Watermelon/Cucurbit Anthracnose has been a severe foliar disease concern on cucurbits in central Wisconsin this late summer. Anthracnose caused by the fungus Colletotrichum orbiculare can infect all above-ground plant parts on all cucurbits and symptoms can vary in appearance based on cucurbit type. Irregular brown leaf spots form on squash, melon and cucumber. The center of the leaf spot may drop out resulting in a ragged appearance (very common cucumber). Cucumber leaf spots often have a yellow halo. Watermelon leaf spots are smaller and dark brown to black. Sunken elongated stem infections can occur on cucumber and melon but are not common on other cucurbits. Infections on melon often exude a reddish gum. Fruit infections are sunken black spots 1/4 -1/2 inch across and 1/4 inch deep. Spots may have fluffy white cotton-like mycelia and sticky salmon-colored spores during wet weather.

This pathogen survives in infected plant debris and on seed. Spores form on infected leaves and fruit and are readily spread by splashing rain and/or irrigation water, and on hands and tools. The pathogen is favored by warm, moist conditions and typically appears first in mid-to late summer after canopy closure.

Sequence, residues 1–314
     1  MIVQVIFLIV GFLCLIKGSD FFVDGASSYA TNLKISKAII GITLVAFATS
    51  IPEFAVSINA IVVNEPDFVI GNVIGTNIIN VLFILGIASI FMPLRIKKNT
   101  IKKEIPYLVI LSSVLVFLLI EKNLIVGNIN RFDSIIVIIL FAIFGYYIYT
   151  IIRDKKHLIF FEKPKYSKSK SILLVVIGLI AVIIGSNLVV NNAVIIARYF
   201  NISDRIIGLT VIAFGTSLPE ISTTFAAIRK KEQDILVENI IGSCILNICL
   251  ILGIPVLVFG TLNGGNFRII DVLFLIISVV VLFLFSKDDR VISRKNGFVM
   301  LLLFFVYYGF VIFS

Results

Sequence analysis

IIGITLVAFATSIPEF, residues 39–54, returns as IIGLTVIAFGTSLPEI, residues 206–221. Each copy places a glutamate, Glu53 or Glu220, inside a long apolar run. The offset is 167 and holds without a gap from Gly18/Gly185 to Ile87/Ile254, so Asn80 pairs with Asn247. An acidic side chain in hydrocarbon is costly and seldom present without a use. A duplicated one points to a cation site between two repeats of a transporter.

To manage this disease, varietal resistance is available and seed should be purchased from a clean and reputable source. Do not save seed from infected plants. Crop rotation away from cucurbits on a 3-year schedule can limit inoculum and subsequent disease. Irrigate cautiously to limit foliar moisture as possible (drip irrigation is best). Limit work in the field when plants are wet and consider possible practices of removal or destruction of infected vines (cultivation) at the end of the season to reduce residual inoculum.

Several commercial, conventional fungicides are registered for control of anthracnose on cucurbits including: benzovindiflupyr, boscalid, chlorothalonil, cyprodinil, difenoconazole, fluopyram, fluoxastrobin, fluxapyroxad, mancozeb, pyraclostrobin, tebuconazole, thiophanate methyl, and trifloxystrobin. Page 107 of the A3422 Commercial production guide for Wisconsin addresses further details: https://cdn.shopify.com/s/files/1/0145/8808/4272/files/A3422-2022.pdf

For more information on this disease: https://edis.ifas.ufl.edu/pdf%5Carchived%5CPP%5CPP266%5CPP266-1026374.pdf